A University of Melbourne project mapping different Indigenous languages throughout Australia has been revamped as part of this month’s NAIDOC Week.
Nyangumarta, Yorta Yorta and Torres Strait Islander woman Allyra Murray hasn’t always been overly familiar with her culture, but through working on the 50 Words Project, the University of Melbourne project officer said has felt more connected to it.
“To just click online and have that accessibility, and also [for it to be] online and free is huge,” Ms Murray told SBS News.
“As someone whose family has moved around a lot, I only know bits and pieces of my own language and culture,” she said.
“To be able to sit in my room, go home and listen to languages, is really comforting.”
The 50 Words Project is run by the university’s Research Unit for Indigenous Language and engaged with Indigenous communities on the work.
Its website virtually takes users on country to hear the authentic word pronunciations of 50 everyday words in more than 60 languages, such as ‘welcome’, ‘hello’ and ‘goodbye’.
Phrases including ‘what is your name?’ and words for family members, animals and the local environment are also included.
Kado Muir was one of the language speakers who provided the words for the Ngalia language.
He told NITV about 200 First Nations languages were previously spoken across Australia, but that has fallen to just 20.
“The nation’s First Nations people here suffered as a consequence of colonisation and 90 per cent of the population died and disappeared,” he said.
“And as a consequence, 90 per cent of the languages have also disappeared.”
Mr Muir said the potential loss of some languages meant the community’s understanding of the land will be diminished.
“If you learn a language, you then get access to that particular way of thinking that ties you back to country, back into dreaming, the creation and your ancestors.”
Ms Murray said the role of elders and community members in the project was not only preserving their voices, but it was showcasing how the words relate across the different languages.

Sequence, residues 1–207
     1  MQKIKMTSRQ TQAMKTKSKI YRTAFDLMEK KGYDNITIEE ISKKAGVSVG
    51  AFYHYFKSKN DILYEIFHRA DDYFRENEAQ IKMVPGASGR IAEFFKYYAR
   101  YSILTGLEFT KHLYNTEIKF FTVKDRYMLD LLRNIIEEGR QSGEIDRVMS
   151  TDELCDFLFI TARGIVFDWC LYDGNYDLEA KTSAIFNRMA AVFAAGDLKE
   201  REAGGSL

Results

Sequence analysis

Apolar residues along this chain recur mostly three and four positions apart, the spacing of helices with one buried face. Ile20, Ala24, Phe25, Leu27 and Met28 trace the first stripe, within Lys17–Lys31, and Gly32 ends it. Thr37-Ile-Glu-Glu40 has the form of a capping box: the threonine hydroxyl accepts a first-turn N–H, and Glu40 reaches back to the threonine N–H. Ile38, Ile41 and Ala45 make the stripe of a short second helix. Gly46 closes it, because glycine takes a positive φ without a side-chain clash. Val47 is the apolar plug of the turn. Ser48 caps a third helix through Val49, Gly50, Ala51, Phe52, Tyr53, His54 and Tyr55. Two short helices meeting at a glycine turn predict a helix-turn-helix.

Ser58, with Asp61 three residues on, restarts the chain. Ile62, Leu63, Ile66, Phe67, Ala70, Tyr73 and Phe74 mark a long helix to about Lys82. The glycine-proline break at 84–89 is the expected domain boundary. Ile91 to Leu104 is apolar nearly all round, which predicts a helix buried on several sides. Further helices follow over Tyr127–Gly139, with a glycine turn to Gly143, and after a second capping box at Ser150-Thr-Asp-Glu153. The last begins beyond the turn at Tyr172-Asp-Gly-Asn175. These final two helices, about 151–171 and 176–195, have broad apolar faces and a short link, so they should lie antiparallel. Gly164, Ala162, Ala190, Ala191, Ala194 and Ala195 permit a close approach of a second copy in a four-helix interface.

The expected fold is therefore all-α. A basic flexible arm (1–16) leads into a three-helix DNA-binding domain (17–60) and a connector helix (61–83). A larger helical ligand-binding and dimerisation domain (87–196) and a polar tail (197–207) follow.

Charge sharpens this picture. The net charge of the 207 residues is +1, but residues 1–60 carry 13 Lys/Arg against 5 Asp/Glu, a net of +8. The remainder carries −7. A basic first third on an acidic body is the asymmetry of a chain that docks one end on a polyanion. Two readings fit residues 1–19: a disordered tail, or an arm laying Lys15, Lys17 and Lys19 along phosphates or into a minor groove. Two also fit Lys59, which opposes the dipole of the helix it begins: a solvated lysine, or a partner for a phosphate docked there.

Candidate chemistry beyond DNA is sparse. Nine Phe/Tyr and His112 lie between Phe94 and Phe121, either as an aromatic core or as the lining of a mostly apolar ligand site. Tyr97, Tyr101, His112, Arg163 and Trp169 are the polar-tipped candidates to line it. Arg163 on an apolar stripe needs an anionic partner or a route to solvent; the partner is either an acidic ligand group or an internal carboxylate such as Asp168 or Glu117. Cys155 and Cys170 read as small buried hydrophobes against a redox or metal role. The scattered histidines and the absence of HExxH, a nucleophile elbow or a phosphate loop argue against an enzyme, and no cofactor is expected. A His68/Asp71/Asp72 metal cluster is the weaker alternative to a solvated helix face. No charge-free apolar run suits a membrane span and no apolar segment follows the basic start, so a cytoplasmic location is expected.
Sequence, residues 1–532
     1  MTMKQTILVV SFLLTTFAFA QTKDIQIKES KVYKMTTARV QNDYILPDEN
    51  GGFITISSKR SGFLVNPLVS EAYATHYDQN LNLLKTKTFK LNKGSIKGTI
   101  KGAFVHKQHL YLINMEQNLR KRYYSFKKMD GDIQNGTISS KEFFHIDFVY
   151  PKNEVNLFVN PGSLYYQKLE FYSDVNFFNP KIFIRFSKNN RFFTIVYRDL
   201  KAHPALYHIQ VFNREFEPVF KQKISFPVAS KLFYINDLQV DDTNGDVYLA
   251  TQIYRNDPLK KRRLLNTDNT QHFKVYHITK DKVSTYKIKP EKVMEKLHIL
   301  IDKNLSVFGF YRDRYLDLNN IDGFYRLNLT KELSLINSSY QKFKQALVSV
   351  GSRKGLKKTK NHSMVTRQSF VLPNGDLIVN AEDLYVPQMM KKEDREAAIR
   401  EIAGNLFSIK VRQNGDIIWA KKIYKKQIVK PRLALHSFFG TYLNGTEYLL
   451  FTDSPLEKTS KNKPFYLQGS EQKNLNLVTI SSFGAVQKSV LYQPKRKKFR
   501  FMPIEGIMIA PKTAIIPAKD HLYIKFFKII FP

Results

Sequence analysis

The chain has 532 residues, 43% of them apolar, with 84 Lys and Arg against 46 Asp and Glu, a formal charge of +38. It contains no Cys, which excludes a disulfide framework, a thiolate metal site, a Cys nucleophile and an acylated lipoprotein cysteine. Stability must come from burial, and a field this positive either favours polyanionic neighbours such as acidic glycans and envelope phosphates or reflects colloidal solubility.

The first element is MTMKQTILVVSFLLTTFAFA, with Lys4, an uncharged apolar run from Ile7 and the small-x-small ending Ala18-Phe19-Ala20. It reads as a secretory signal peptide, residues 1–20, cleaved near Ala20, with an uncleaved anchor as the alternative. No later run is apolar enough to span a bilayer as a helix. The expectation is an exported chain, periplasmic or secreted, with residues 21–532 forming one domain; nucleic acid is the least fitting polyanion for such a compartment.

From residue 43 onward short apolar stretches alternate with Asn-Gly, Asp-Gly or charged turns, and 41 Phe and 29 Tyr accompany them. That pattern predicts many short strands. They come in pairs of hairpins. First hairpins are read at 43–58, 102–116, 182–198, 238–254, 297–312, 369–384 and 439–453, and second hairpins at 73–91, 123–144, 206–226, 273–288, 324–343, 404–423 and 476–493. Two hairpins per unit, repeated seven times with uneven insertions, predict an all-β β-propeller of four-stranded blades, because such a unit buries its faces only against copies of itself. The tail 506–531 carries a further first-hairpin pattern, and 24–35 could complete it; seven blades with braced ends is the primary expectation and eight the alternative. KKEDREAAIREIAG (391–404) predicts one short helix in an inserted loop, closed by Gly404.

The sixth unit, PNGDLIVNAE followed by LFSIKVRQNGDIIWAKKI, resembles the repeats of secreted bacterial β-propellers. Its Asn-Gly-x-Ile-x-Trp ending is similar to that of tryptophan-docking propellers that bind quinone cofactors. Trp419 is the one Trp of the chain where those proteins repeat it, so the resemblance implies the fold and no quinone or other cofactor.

“One thing that I really love about the project is that you can see the diversity of all our languages but also wouldn’t realise some of the similarities,” she said.
You can see the diversity of all our languages but also wouldn’t realise some of the similarities.
“Particularly for the words like ‘hand’, which is murra in some languages, and ‘foot’, which is jina, you’ll see that in northern WA, South Australia, or even in Victoria, they use the same word for hand or foot.”
Associate Professor Nick Thieberger, who led the project alongside fellow linguist Professor Rachel Nordlinger, said they wanted to conduct the project “in a way that didn’t take things away from Aboriginal people”.
“We wanted to be working in partnership with Indigenous Australians, so we set up a framework and invited speakers of languages to contribute and that’s the way that it has grown organically.”
The project first began in July last year but it has been updated so it is more user-friendly in time for NAIDOC Week.
Associate Professor Thieberger said the website also includes educational resources for teachers to apply in schools, and that it has been getting some positive feedback.
“We’ve also heard from Aboriginal people who don’t speak their own language anymore, that they’re really moved to hear a relative speak this language,” he said.
“So even though it’s fairly simple, you know, 50 or so words, it still has a big impact.”
Ms Murray said if children start to speak the words in the playground, then they will then recognise the traditional owners of the land.
There are plans for the project to feature up to 100 languages in the future with calls for more submissions from communities across Australia.
National NAIDOC Week (8–15 November 2020) celebrates the history, culture and achievements of Aboriginal and Torres Strait Islander peoples.
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